Well, the Uni .5 is on its way to Gilby right now, so I might as well write
my final review.
I did not have a chance to take it on a serious distance ride, but I did
get to do some more riding since my original post.
After riding around campus quite a few times, I quickly became very used to
the unicycle. Mounting has become a lot easier than on my coker (of
course, my coker also has 5” cranks). Riding in general has just developed
a very natural feel. I never worked up to gliding out of riding, perhaps
someone like Gilby can give that a try… I’d imagine it could be interesting.
This weekend, I went off to Boston. Naturally, I found a parking spot that
wasn’t anywhere near where I wanted to be. Ah, Uni .5 to the rescue. I
could now travel the wrong direction down one way streets, pass
pedestrians, and most definitely make better time than driving.
I couldn’t bring myself to run any red lights (though, from watching people
on bikes, I really started to believe that lights were only suggestions),
but the unicycle’s small size made it very convenient to pick up, take to
the sidewalk, and jaywalk. Anyway, I had no problem getting where I was
going, and I was glad I had the unicycle to get me there faster. In terms
of maneuverability, I don’t see the uni .5 has having any advantages over
the coker (or vice versa), but in terms of being able to pick the thing up,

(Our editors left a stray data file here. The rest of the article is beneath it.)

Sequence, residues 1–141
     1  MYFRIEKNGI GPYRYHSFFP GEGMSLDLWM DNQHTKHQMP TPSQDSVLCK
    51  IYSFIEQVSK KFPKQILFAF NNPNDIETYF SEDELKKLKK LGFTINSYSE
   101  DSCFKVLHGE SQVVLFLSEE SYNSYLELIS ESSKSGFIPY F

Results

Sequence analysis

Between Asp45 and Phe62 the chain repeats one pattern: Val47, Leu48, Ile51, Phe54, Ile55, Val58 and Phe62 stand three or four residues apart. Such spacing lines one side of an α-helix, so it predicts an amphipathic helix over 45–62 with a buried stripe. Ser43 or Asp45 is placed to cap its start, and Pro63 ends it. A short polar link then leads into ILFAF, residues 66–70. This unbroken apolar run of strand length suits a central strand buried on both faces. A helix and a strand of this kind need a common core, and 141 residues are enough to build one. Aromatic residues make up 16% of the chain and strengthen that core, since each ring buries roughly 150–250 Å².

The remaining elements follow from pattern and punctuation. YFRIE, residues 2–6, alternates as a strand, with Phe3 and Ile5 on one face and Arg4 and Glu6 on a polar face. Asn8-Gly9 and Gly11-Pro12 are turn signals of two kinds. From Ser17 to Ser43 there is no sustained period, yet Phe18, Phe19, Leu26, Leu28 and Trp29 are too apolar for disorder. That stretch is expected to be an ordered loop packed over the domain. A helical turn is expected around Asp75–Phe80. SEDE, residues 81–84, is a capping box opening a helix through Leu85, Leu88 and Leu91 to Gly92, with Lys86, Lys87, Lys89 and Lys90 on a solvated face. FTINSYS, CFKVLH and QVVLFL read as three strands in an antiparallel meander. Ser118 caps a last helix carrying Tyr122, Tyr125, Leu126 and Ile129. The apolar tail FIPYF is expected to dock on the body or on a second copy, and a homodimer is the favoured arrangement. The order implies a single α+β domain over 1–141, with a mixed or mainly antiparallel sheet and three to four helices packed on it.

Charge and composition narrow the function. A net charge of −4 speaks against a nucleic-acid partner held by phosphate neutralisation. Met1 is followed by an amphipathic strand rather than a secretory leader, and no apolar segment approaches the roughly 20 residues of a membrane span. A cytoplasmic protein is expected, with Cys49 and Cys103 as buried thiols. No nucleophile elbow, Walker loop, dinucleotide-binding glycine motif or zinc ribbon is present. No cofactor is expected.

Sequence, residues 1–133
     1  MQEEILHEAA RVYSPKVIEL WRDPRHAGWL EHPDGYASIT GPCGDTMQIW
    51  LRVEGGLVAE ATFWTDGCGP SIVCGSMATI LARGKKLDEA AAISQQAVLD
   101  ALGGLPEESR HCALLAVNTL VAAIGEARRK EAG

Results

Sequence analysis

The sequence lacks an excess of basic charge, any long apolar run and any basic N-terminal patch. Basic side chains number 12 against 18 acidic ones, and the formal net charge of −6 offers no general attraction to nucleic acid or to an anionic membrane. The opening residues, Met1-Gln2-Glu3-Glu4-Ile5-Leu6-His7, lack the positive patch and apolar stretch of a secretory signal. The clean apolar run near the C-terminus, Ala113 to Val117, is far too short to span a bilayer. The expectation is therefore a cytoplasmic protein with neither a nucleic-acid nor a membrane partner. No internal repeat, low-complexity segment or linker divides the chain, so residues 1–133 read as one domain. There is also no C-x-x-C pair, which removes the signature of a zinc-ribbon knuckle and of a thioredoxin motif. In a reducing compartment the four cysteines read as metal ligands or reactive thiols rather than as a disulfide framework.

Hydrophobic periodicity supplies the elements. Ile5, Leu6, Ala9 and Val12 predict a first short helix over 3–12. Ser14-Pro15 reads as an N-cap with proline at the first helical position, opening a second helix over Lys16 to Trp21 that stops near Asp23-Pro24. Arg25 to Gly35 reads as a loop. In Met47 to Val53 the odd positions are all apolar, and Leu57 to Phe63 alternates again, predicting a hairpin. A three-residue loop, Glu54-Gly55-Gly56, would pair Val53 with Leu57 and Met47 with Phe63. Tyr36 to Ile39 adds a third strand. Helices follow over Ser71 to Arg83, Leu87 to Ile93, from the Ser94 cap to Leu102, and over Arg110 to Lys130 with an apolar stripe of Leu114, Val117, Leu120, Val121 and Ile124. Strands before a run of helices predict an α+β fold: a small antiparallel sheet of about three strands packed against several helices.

lock it at any bike rack, or bring it inside any building, it was way ahead
of the coker (as well as those silly two wheeled things people ride a lot).
The longest uninterrupted ride (well, excluding traffic lights) I made that
day was from Harvard to MIT. Mass ave had plenty of bumps and the like,
but they weren’t much of a problem. For the big ones, I’d grab the seat,
but that probably wasn’t even necessary.
As for other people riding it: to the best of my knowledge, everyone I
loaned the cycle to had never ridden a coker before, so could not compare
it to one. Except for people who were not proficient at the rolling mount,
it did not take anyone long to master the freemount. Depending on the
general skill level of the rider, it took a little while to get used to
riding. In general, this period of adjustment lasted less than 5 minutes.
Also, I had one person ride who had never ridden a unicycle before. I
explained to him how this one worked, and why it would not be the best
first unicycle to try. But, he wanted to try (and I didn’t have a standard
unicycle with me). He only spent about 10 minutes attempting to ride, but
I would estimate that his progress was about on par with your average
person learning to ride your average unicycle.
Anyway, in my personal opinion, I like the uni .5 more than the coker for
most riding. If it could be mass produced in the $400-500 range, I would
very seriously consider buying one (assuming I had a job at the time). The
small size is the key. It can travel at a speed similar to a bicycle, but
can be carried around inside and out with almost no effort. For
excessively long distance rides, I think I would favor the coker primarily
for its momentum, and zero backlash. Since I did not test the uni .5 for a
very long ride, however, I can’t say for sure.
Enough of figuring how it stacks to others. This is a really cool
unicycle. Many thanks to Greg Harper for taking the time to design and
build it, and many more thanks for sharing.
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